by Janet Ashforth
What Are Electrolytes?
Electrolytes are mineral salts, or ions, that conduct electricity when dissolved in water. There are many different types of electrolytes in your body. You’re probably familiar with sodium, potassium, calcium, magnesium, sulfate, and phosphates, which are all electrolytes. You lose them when you sweat, which is why you see them being marketed by athletes. Like motor oil in your car, electrolytes don’t make your engine run, but they keep things running smoothly. Too much or too little and your engine seizes up, causing you a whole host of health problems.
What Do Electrolytes Do?
Electrolytes perform numerous crucial functions in your body. They maintain proper hydration levels in your cells, which is why you feel thirsty when you work out. As you sweat out electrolytes, your brain signals thirst to encourage you to replace them. They also:
- Carry signals from your brain to your cells
- Aid muscle contraction
- Maintain body temperature
- Release hormones from your endocrine glands
- Balance and control the movement of water between your cells and their environment
- Regulate normal functioning of many enzymes
- Balance PH
How to Get Electrolytes
You don’t sweat red dye #40, so why replace it? Almost every natural thing you eat or drink contains some electrolytes. Pure water will do in most cases as long as you drink enough of it. You also get plenty of electrolytes when you eat a healthy diet that includes a variety of fruits and vegetables, legumes, leafy greens, and seeds. Some of the top food sources for electrolytes are:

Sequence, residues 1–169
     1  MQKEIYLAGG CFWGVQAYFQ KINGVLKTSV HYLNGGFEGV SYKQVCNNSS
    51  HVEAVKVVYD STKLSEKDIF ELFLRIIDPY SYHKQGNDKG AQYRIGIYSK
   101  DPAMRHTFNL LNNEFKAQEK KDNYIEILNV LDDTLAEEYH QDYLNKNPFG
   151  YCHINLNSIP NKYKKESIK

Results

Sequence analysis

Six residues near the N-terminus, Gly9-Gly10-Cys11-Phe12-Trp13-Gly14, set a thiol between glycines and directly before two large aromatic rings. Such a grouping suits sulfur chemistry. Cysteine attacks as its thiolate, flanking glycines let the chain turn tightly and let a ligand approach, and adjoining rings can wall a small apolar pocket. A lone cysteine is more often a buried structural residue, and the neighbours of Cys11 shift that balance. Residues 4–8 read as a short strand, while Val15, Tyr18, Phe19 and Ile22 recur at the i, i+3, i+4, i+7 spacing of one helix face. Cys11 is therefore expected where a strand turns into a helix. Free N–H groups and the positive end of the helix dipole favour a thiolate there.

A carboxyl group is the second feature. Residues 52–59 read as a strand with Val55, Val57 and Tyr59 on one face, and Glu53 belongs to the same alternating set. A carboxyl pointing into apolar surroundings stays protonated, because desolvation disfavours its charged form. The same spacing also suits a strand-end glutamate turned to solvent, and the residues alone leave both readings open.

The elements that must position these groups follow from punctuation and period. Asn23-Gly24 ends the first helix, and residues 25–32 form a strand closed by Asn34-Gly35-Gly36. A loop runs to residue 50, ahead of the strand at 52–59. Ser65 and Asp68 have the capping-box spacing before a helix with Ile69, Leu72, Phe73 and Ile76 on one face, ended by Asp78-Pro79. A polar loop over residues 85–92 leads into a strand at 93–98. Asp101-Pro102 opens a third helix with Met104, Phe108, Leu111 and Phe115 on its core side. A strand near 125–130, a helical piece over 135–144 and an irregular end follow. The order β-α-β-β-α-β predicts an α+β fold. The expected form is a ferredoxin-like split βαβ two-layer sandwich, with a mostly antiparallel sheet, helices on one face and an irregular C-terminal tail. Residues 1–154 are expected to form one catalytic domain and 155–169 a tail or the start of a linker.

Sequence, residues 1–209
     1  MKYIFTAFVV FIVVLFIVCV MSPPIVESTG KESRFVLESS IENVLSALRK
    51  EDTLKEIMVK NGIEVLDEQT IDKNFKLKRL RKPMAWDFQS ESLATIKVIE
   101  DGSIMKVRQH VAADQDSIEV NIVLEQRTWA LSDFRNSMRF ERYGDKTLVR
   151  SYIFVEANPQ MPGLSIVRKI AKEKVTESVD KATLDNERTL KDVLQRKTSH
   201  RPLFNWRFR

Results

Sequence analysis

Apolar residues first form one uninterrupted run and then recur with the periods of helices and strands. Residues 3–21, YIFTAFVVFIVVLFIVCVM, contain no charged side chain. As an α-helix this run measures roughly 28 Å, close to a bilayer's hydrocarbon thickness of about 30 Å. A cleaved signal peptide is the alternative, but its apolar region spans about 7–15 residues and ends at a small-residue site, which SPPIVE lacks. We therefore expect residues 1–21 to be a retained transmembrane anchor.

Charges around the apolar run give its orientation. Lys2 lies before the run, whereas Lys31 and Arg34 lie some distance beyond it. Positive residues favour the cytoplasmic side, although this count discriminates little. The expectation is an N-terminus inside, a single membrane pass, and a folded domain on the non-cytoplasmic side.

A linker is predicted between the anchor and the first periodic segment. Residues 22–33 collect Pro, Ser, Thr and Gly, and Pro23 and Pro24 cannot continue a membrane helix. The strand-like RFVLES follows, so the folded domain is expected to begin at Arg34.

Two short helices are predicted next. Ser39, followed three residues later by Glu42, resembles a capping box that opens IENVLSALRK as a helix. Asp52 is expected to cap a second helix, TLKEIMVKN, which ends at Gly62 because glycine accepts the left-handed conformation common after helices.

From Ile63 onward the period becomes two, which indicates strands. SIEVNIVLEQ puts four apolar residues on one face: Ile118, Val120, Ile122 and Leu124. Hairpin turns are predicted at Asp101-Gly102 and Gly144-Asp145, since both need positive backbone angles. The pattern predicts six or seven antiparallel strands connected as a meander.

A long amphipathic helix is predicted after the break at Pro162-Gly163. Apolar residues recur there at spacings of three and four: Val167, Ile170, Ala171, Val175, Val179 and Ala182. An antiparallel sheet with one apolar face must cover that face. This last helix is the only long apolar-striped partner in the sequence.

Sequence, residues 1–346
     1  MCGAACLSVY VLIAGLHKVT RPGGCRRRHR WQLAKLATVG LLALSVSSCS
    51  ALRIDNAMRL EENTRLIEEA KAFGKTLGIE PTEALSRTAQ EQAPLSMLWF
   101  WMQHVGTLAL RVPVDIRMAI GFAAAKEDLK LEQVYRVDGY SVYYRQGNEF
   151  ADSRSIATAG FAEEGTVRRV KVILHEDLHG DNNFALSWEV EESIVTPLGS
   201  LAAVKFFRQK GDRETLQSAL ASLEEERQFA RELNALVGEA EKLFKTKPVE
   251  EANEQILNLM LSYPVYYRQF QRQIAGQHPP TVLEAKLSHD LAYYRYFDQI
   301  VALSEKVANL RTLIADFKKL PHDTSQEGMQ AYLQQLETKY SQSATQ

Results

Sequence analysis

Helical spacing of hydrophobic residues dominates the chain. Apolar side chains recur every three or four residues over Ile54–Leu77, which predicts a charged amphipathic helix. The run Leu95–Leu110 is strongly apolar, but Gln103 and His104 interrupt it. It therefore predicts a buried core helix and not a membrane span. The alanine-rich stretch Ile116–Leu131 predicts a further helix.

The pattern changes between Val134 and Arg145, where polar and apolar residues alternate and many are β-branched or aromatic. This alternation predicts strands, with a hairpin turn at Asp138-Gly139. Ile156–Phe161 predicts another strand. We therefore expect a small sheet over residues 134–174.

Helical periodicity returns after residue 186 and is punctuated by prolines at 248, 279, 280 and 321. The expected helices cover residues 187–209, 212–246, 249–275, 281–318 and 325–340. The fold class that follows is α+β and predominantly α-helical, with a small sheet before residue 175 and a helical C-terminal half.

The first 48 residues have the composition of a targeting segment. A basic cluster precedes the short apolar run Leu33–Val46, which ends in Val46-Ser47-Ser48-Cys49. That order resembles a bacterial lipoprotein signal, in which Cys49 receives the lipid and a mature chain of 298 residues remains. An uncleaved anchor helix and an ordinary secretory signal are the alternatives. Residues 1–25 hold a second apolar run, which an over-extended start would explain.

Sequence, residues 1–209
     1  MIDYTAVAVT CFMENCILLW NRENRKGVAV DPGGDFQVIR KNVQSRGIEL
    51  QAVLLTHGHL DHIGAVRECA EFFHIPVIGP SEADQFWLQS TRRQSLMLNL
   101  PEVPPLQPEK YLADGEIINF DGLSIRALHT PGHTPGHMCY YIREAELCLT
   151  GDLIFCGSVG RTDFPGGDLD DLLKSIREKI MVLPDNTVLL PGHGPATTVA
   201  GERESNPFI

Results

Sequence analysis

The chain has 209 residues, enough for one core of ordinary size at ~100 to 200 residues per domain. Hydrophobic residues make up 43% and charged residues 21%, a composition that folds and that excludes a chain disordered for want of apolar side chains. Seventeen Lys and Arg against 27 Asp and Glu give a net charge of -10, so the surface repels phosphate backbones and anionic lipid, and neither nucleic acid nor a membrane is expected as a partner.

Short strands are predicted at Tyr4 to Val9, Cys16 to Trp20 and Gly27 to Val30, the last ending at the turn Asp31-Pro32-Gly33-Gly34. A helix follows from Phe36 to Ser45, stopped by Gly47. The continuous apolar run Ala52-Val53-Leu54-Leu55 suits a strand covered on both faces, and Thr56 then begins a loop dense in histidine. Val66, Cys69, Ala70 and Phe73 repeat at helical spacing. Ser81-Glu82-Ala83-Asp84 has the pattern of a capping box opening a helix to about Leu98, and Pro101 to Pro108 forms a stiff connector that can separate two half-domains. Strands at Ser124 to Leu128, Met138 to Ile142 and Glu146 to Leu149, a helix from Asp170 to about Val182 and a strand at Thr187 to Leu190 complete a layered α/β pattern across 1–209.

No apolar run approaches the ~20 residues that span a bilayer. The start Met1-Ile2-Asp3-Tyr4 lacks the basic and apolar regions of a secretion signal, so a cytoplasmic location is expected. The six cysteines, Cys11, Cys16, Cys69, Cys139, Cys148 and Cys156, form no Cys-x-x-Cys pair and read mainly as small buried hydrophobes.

- UBU natural energy drinks
- Chia seeds
- Fruits and vegetables
- Pumpkin seeds
Clearly, electrolytes are widely available and easy to add to your diet. However, if you’ve been sick or regularly do 60 to 90 minutes of intense exercise, you may want to go for an electrolyte drink. Look for products with no dyes, added sugar or any other unnatural ingredients. Watch out for added caffeine in the ready-to-drink options, because caffeine is a diuretic.
Too Much of a Good Thing
You can have too high a concentration of electrolytes, so it’s all about balance. Medical News Today says too much sodium, magnesium, calcium or potassium can cause:
- Muscle spasms
- Bone disorders
- Excessive tiredness
- Changes in blood pressure
- Nervous system disorders
Too much calcium can cause a host of other issues including:
- Frequent urination
- Total loss of appetite
- Moodiness or irritability
The lesson here is to eat healthy, exercise and pay attention to any unusual symptoms in your body. These symptoms are common among many different health issues so it can be tough to identify the problem.
Janet Ashforth is an ACE certified personal trainer and licensed massage therapist. She first studied to become a personal trainer in 1997 and since has worked at several popular gyms and owned her own fitness company. She’s helped countless individuals maintain or regain their health and wellness. Ashforth also writes about food, nutrition, cooking and baking and is a “real food” advocate.